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|“||Oremor nhoj em llik tsum uoy emag eht niw ot.||„|
|~ Icon of Sin's reversed alert sound. Un-reversed: To win the game, you must kill me, John Romero.|
The Icon of Sin is the final boss in Doom II and Doom Eternal.
The Icon of Sin is a gigantic, grotesque head of a demon embedded on a wall. It's forehead is open, exposing it's brain. The eyes are white without pupils. Even though the Icon of Sin talks, it's mouth doesn't move. The Icon of Sin appears as a massive, goat-like biomechanical head on a wall, with a surgically exposed brain that allows it to spawn endless scores of demons. Although only its head is visible, the endgame text indicates that the entity has a gigantic body as well.
In Doom II, the boss is not referred to by any specific name. The Doom II Official Guide refers to it as the "Dark One". It is known in the Final Doom manual introductory story as Baphomet.
The final boss is not an actual monster in the technical sense, since it does not count towards the monster kills percentage at the end of a level, and is not affected by the command line parameters that affect standard monsters.
The Icon of Sin unleashes an endless amount of monsters except for Cyberdemons, Spider Masterminds, and zombies. The Icon of Sin will launch a cube towards the surface next to the player. When the cube hits the surface, it spawns into a random monster. The boss will launch another cube whether or not the player is still fighting the current monster. This means the player can fight a multitude of enemies at once. When defeated, the Icon of Sin along with the spawned monsters disintegrates.
The Icon of Sin has a minor appearance in the 2016 reboot of the Doom franchise. Tablets in Argent D'Nur suggests that it is the revived/transformed son of the traitorous Night Sentinel. It is dormant in this game.
There is also a small easter egg relating to it as well. Shooting the Icon of Sin in the forehead will make it say it's classic line from Doom II, and then shoot a cube that holds a Doomguy figurine.
The Icon of Sin returns as the final boss of Doom Eternal. The Icon was the son of the Betrayer, who lost him in a battle against the demons. The Betrayer made a pact with Hell Priests, and in turn, revived his son into the monstrous titan he is now.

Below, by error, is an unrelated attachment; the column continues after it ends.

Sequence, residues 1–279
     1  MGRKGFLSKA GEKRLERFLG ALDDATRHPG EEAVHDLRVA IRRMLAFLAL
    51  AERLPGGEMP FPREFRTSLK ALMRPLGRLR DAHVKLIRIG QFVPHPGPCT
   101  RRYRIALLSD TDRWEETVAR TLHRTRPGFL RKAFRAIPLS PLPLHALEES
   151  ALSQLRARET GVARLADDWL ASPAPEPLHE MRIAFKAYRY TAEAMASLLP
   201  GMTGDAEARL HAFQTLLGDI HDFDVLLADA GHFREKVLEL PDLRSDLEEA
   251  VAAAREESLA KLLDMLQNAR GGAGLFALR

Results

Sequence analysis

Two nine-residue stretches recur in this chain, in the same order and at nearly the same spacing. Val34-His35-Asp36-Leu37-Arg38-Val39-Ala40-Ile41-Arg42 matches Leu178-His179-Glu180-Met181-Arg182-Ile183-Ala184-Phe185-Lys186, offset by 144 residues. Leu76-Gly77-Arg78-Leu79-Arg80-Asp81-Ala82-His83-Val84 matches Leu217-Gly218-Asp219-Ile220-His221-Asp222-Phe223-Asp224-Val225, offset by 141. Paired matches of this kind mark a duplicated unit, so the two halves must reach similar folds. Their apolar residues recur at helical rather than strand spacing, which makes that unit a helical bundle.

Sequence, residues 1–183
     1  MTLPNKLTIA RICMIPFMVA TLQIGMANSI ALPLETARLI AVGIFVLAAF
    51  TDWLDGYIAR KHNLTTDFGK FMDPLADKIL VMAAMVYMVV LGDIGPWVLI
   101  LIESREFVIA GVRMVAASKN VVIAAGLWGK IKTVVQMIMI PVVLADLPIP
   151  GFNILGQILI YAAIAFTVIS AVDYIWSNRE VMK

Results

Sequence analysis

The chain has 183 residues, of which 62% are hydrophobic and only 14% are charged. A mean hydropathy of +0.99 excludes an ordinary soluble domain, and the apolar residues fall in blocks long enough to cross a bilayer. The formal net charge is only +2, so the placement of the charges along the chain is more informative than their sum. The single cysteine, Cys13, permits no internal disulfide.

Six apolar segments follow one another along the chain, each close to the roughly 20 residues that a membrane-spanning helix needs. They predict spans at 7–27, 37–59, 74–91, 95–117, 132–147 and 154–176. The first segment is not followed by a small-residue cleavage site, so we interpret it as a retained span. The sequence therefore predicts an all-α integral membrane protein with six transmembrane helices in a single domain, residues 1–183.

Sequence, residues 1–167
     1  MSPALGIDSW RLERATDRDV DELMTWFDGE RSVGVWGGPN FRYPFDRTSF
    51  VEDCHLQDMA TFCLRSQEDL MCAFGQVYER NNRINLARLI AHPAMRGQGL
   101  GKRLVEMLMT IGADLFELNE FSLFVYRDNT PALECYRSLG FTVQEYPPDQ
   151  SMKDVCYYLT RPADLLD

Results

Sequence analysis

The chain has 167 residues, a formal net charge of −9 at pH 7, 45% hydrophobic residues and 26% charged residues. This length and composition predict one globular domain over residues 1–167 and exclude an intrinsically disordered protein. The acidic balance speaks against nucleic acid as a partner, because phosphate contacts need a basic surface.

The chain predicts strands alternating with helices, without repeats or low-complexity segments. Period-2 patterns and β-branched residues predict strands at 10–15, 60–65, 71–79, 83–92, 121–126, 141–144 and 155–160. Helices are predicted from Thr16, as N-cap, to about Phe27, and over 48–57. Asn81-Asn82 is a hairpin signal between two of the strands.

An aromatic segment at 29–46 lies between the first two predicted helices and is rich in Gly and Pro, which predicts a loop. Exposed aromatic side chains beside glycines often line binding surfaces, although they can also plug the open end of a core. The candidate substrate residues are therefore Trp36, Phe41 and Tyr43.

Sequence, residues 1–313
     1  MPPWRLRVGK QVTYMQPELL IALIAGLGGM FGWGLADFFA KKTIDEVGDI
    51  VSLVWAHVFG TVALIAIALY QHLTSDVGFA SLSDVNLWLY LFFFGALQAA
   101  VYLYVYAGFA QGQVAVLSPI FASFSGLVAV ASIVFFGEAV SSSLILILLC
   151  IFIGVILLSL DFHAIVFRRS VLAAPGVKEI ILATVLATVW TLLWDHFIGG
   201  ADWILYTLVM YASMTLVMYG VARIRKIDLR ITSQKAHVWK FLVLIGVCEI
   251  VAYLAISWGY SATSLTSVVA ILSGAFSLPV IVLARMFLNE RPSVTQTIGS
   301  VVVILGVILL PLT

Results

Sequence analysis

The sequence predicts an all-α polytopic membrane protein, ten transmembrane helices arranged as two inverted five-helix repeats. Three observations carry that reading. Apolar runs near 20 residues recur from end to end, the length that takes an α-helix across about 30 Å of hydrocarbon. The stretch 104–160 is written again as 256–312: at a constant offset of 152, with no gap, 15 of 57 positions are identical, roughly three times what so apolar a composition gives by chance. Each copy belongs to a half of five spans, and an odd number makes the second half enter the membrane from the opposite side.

|“||It was a late night and the walls were shaking at ID Software. Why? There could be only one reason: Romero is in the building! Otherwise, it was a quiet, unassuming office. Better yet, a library. Then things quieted down, and I supposed that Romero had left. In fact, everyone but Romero had left. As I discovered when he came into the room I was using for "sound development." He sat down next to me and said that we needed a sound for the final boss to make when a player enters that level. I said that I had some possibilities roughed out and since he was there we could plug them into the code to see how they'd work. We went into John's office to look at the level (he had the only 21" screen). While he was whizzing around the level, all of a sudden he said, "Wait, what's that?" He had clipping off, which means that he could walk through otherwise "solid" objects. He had walked into the wall where the final boss head was attached. Low and behold, there inside the brain of the boss was Romero's head on a stick! We both laughed a while and Romero decided that the artists (Adrian Carmack and Kevin Cloud) had put it there as a joke. As it turned out, John Carmack had programmed the code so that Romero's head was the object that a player had to hit in order to kill the boss. And this head was down a shaft inside of the wall so it was normally out of sight. It was at that point that Romero and I decided to record his voice and use it as the final boss sound. We went back into the sound room and John started saying different things in a very pumped up voice. He finally said "To win the game, you must kill me, John Romero." I took that phrase and put some phasing on it and then reversed it. Shades of the rumors of "Satan" on different pop recordings! We decided not to tell anyone else what it said. We had the fun of seeing the artists' expressions when they first entered the level with this sound going. We made them sweat a long time before we played the phrase in its original form. Can you tell that we always had a great time doing this stuff?||„|
|~ Robert Prince|
- In 2016, John Romero revealed to a Twitter user that Icon of Sin was the official Doom II boss name since 1994.
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